The adverse metabolic effects of branched-chain amino acids are mediated by isoleucine and valine

Brinkman, J. A., E. P. Cheng, V. Flores, C. L. Green, L. R. Haider, C. Jang, I. Kasza, E. N. Konon, D. W. Lamming, B. R. Miller, M. E. Murphy, M. Nikodemova, H. H. Pak, W. J. Quinn III, N. E. Richardson, J. M. Rojas, A. B. Spicer, J. L. Tomasiewicz, M. H. Wakai, S. E. Yang, and D. Yu. The Adverse Metabolic Effects of Branched-Chain Amino Acids Are Mediated by Isoleucine and Valine. Vol. 33, no. 5, Cell Metabolism, 2021.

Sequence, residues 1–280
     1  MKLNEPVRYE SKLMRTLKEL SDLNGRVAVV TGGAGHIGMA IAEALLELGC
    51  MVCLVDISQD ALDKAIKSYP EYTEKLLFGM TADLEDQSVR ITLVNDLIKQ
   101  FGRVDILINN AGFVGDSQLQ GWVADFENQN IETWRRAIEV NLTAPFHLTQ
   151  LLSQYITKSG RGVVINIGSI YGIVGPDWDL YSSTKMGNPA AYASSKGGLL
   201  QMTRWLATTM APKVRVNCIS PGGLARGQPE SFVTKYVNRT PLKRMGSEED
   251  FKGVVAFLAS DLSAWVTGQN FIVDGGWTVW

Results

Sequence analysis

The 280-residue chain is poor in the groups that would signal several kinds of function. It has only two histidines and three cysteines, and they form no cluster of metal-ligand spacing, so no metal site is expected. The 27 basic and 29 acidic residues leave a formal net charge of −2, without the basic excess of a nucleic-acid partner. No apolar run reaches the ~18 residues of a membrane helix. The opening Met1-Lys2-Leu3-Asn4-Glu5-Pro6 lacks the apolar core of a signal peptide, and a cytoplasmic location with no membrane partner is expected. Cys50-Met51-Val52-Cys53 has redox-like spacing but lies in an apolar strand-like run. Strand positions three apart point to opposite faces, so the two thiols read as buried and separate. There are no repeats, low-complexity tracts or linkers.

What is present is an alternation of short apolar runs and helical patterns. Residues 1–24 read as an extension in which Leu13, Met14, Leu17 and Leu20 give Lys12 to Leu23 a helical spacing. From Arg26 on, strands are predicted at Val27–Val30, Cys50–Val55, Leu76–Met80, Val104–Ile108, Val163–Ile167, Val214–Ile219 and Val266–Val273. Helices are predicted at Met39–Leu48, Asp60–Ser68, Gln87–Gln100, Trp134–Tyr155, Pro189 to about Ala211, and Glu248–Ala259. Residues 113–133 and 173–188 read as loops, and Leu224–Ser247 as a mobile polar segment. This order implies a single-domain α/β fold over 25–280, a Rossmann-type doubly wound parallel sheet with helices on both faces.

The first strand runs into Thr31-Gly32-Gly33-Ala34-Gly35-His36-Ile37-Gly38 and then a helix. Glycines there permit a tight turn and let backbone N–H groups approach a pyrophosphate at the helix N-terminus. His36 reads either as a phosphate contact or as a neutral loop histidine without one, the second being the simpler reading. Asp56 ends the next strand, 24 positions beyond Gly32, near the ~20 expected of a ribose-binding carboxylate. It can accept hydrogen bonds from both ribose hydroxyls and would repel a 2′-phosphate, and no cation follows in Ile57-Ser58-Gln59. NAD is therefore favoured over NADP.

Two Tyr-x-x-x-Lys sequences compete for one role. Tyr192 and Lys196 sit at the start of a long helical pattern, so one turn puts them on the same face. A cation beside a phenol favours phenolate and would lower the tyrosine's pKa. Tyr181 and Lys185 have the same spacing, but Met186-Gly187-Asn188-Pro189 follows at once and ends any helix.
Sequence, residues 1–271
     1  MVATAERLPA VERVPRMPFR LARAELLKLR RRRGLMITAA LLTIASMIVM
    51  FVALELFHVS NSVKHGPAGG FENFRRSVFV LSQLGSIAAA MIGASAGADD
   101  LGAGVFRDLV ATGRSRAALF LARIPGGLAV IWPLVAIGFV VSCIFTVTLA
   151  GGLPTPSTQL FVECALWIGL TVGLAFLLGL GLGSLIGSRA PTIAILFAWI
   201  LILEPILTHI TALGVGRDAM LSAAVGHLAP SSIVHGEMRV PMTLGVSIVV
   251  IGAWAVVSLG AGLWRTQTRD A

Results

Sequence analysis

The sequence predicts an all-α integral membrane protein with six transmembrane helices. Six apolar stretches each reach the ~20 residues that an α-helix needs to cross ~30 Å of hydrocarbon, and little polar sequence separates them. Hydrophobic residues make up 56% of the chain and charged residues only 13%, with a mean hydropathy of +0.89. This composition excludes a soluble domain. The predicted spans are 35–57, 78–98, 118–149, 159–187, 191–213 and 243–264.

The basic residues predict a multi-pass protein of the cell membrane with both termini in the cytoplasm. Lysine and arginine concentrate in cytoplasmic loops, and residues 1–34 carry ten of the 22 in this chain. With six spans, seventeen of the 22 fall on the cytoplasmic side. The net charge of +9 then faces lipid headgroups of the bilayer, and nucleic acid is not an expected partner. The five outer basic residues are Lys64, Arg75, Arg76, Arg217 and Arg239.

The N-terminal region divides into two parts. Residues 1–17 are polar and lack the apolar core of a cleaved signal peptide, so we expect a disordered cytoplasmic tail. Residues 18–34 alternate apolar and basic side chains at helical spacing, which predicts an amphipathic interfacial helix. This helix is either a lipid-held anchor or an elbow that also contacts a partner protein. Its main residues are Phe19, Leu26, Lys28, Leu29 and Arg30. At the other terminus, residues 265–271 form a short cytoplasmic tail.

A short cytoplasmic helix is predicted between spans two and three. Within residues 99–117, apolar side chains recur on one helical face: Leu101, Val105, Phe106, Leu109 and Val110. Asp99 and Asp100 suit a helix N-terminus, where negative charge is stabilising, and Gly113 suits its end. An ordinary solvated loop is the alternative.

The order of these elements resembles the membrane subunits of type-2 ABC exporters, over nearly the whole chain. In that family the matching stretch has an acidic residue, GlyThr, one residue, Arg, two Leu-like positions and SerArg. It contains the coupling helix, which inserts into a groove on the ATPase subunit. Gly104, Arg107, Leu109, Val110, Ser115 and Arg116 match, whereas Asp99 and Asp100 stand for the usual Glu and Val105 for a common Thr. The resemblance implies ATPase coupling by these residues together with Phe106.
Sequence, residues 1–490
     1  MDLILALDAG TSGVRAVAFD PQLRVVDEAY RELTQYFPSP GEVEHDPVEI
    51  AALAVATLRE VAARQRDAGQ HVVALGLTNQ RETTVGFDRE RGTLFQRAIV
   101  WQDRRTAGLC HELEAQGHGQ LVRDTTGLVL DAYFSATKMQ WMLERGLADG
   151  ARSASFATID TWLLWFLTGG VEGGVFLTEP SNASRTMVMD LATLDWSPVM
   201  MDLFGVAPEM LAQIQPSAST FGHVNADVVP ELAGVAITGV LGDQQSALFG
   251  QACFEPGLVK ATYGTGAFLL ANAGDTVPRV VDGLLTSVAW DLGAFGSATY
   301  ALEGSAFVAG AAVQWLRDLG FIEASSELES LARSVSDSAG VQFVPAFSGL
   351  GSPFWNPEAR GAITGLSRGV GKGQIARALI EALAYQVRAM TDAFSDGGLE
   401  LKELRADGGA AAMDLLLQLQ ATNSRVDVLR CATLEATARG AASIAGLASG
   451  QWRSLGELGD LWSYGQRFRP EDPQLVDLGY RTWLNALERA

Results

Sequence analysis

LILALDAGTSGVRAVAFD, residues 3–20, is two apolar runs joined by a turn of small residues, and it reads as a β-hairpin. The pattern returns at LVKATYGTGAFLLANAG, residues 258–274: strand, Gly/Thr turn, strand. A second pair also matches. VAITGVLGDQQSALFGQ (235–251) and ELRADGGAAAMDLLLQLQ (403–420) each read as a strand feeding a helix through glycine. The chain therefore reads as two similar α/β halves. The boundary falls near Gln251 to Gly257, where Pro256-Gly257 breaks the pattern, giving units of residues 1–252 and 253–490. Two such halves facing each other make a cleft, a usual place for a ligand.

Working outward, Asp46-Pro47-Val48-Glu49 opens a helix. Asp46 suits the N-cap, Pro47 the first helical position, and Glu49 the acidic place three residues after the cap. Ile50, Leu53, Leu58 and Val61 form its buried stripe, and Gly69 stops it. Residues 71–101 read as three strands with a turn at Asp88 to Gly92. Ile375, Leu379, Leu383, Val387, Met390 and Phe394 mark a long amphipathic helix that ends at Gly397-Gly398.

DOI: 10.1016/j.cmet.2021.03.025 PMID: 33887198 PMCID: PMC8102360 Low-protein diets promote metabolic health in rodents and humans, and the benefits of low-protein diets are recapitulated by specifically reducing dietary levels of the three branched-chain amino acids (BCAAs), leucine, isoleucine, and valine. Here, we demonstrate that each BCAA has distinct metabolic effects. A low isoleucine diet reprograms liver and adipose metabolism, increasing hepatic insulin sensitivity and ketogenesis and increasing energy expenditure, activating the FGF21-UCP1 axis. Reducing valine induces similar but more modest metabolic effects, whereas these effects are absent with low leucine. Reducing isoleucine or valine rapidly restores metabolic health to diet-induced obese mice. Finally, we demonstrate that variation in dietary isoleucine levels helps explain body mass index differences in humans. Our results reveal isoleucine as a key regulator of metabolic health and the adverse metabolic response to dietary BCAAs and suggest reducing dietary isoleucine as a new approach to treating and preventing obesity and diabetes.

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